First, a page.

# Battery Charger with Auto Cut-off Project

#### tphuogg

Joined Apr 24, 2021
19
Hi,
I need help on my battery charger project.

The requirement of this project is that the battery charging current has to be between 400 mA - 500 mA. Once the battery is fully charged (13V - 14V), the Iout has to be reduced around 150 mA and below.

So far, I figured out R4 = 12 ohm as I am able to charge the battery around 450 mA constantly. However, I still can't figure out how to reduce output current when the battery is full.

What I am doing right now is to place potentiometers at R1, R2 and R3 and a 13V Zener Diode at Z1. The best Iout I got until now is 190mA which is still very high.

My question is what is the best approach I can use to analyze this circuit to get the resistor values. I don't want to connect the battery and twist the potentiometers anymore since I already hear the boiling sound in my Lead-Acid 12V battery. I used Simulink to simulate this circuit, but the practical values are so different.

Thank you.

#### crutschow

Joined Mar 14, 2008
32,926
Note that circuit does not reduce the charge current when battery is charged, it only limits the maximum charge voltage, but that will have the effect of limiting the current also.
You need to remove the battery from such a charger when the battery is charged, otherwise the battery will tend to overcharge.

#### Ian0

Joined Aug 7, 2020
8,407
Note that circuit does not reduce the charge current when battery is charged, it only limits the maximum charge voltage, but that will have the effect of limiting the current also.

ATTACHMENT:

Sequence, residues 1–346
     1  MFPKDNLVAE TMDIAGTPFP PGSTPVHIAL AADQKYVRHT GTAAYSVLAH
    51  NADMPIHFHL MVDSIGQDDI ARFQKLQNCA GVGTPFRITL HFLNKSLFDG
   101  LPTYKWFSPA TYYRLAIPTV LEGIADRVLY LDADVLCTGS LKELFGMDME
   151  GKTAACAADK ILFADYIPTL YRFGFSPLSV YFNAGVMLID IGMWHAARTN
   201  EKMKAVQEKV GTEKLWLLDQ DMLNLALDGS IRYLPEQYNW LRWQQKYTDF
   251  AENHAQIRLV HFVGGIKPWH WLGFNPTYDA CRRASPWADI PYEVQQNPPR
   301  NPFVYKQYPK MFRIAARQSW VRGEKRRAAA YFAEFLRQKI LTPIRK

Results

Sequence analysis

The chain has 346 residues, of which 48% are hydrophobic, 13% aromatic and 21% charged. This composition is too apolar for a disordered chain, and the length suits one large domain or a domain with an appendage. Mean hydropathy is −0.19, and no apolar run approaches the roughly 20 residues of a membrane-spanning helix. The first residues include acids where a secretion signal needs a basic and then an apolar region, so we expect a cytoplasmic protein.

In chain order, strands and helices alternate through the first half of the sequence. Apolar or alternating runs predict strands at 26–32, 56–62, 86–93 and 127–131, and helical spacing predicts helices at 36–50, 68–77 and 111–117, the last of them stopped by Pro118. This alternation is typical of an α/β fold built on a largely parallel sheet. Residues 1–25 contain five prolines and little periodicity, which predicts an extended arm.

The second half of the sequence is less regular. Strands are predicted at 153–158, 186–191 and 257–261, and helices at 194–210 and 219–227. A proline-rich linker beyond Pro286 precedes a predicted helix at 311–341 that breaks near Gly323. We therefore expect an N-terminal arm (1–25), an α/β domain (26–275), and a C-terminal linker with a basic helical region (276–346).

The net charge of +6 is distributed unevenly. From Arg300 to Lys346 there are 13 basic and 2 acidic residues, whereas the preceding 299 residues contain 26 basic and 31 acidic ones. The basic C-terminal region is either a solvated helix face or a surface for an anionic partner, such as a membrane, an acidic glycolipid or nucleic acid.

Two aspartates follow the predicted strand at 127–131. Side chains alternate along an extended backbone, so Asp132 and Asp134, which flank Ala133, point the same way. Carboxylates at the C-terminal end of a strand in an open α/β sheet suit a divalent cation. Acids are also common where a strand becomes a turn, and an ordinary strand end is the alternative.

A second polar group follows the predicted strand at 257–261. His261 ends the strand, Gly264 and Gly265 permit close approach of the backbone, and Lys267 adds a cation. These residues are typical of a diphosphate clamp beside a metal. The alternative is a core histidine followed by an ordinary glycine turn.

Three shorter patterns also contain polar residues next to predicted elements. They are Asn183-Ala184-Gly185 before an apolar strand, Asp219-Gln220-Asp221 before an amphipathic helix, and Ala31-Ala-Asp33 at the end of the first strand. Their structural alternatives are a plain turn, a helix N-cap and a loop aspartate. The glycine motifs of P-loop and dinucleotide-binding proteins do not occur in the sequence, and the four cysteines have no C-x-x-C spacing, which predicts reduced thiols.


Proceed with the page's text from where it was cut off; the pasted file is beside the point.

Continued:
You need to remove the battery from such a charger when the battery is charged, otherwise the battery will tend to overcharge.
If it is set for 2.27V per cell and temperature compensated, and it's a sealed battery then it could be left on float-charge indefinitely.

#### crutschow

Joined Mar 14, 2008
32,926
If it is set for 2.27V per cell and temperature compensated, and it's a sealed battery then it could be left on float-charge indefinitely
True.
But the typical charging voltage is about 2.4V per cell, and the proposed circuit does not reduce the voltage from that voltage to the float voltage (which is not sufficient to fully charge the battery).

#### tphuogg

Joined Apr 24, 2021
19
Note that circuit does not reduce the charge current when battery is charged, it only limits the maximum charge voltage, but that will have the effect of limiting the current also.
Yes, that is exactly what my professor was saying. However, he also said if we tune the circuit correctly, we can leave the battery on float charge. It does require a lot of tuning. Can you please suggest me a simple circuit that can limit leave the battery on float charge when it is full to fulfill my project?

Last edited:

#### crutschow

Joined Mar 14, 2008
32,926